We like to use a mixture of solid fats for our homemade crusts: butter for flavor and shortening for texture. But none of the premade crusts use our preferred fats. Instead, both Wholly Wholesome and Immaculate Baking Co. use palm oil (Immaculate Baking Co. also adds canola oil), while Pillsbury uses lard. Though lard and palm oil are both solid fats, the molecular structures of these fats affect texture (see “The Science of Flaky Pie Crust”). Lard is a solid fat with a very stable molecular structure similar to that of shortening, and it forms pockets of fat that melt slowly in the oven, producing tender, flaky layers of fat and flour. The fat crystals in palm oil, however, are less stable and begin to melt as the dough is prepared, coating each particle of flour and creating a crust that is heavy and dense.
The fats used in each product also explained why some crusts were easier to work with. According to food scientist Harold McGee, flaky pastry dough such as pie crust is most workable when the fat is about 15 percent to 25 percent solid. Any more and the fat is too stiff; any less and the fat oversaturates the dough, making it mealy and dense. Most fat changes from solid to liquid at a certain temperature (think about butter), but the exact temperature at which the change occurs varies depending on the type of fat.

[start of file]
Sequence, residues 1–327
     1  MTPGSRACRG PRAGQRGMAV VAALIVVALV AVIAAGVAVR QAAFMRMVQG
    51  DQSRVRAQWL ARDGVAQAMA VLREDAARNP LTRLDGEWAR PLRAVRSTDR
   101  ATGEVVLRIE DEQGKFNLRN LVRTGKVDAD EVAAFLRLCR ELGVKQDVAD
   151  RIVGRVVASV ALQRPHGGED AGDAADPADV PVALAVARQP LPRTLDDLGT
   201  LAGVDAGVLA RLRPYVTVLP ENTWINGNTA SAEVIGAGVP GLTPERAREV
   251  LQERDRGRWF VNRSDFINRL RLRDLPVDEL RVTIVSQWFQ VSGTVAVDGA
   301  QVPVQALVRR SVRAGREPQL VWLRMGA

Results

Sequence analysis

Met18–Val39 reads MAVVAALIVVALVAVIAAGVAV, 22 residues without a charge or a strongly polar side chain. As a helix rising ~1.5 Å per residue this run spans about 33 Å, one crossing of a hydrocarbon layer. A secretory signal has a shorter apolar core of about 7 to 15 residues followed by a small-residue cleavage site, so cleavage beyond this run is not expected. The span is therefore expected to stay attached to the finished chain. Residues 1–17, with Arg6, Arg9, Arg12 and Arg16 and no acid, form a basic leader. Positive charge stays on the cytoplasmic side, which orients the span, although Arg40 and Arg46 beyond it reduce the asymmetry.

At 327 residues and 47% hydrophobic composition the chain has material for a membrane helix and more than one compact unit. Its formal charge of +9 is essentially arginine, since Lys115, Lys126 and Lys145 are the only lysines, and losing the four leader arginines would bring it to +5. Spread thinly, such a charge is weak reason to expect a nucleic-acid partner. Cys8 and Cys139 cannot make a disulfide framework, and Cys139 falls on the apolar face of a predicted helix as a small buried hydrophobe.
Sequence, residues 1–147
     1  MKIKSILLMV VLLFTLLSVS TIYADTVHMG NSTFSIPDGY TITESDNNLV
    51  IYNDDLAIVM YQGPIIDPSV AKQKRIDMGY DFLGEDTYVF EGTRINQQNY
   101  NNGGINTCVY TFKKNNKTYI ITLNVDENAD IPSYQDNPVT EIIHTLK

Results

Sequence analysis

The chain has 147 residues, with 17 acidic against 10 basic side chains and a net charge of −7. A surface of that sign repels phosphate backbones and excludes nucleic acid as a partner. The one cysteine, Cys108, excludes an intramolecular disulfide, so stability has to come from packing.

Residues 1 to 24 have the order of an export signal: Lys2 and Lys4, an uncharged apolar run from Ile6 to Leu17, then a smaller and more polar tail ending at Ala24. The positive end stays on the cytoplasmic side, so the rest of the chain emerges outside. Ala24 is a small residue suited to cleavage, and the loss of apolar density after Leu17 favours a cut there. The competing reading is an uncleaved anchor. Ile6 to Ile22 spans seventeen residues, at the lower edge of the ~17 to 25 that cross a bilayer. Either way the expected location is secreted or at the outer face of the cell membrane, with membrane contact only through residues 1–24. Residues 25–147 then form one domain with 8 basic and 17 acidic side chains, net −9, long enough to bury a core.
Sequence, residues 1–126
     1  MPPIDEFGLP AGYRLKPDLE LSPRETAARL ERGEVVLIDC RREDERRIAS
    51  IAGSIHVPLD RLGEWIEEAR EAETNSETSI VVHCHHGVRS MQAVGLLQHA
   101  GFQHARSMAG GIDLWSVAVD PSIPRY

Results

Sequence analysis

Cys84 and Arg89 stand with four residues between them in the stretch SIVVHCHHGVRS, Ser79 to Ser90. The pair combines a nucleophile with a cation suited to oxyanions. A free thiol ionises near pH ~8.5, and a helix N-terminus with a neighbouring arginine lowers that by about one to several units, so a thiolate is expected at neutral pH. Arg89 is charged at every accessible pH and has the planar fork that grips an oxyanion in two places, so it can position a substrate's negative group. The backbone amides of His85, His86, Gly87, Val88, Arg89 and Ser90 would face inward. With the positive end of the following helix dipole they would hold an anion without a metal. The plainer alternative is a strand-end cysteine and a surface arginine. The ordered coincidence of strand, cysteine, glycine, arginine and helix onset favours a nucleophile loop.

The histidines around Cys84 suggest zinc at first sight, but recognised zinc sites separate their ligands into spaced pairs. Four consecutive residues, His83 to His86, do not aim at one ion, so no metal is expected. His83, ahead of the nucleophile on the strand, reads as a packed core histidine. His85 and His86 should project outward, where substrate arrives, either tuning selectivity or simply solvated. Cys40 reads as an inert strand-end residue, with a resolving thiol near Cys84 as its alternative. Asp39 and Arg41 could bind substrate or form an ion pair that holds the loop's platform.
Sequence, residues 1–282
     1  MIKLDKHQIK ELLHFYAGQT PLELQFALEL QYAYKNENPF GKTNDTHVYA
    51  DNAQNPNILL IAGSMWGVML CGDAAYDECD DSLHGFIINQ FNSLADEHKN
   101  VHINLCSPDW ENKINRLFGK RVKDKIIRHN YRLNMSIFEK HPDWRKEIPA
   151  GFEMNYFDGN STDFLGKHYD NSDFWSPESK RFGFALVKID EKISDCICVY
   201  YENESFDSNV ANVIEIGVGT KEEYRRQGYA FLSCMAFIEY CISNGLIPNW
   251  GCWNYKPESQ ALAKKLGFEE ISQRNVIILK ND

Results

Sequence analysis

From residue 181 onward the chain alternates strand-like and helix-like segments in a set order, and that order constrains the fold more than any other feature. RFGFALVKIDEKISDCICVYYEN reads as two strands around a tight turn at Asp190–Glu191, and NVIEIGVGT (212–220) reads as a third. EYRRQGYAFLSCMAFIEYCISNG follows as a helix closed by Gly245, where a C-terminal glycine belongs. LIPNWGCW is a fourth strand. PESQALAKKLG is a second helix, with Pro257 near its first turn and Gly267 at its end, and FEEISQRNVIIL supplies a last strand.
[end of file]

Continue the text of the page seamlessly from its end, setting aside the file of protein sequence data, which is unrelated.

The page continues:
We did some sleuthing and found that lard stays in the ideal 15 percent to 25 percent solid range at temperatures of 50 degrees to more than 75 degrees, while palm oil has a much narrower temperature window—about 60 degrees to 70 degrees. That helped explain why the Wholly Wholesome dough, which is made with all palm oil, was so tough to work with: The fat in the dough had a smaller temperature range in which it remained workable. But even at the right temperature, it still sometimes cracked—a problem that our science editor said was most likely due to too little water in the crust. We couldn’t discern the amount of water in each crust from ingredient labels, but we know from our own recipes that water can make or break a crust—too little and the dough cracks, too much and the crust gets mushy.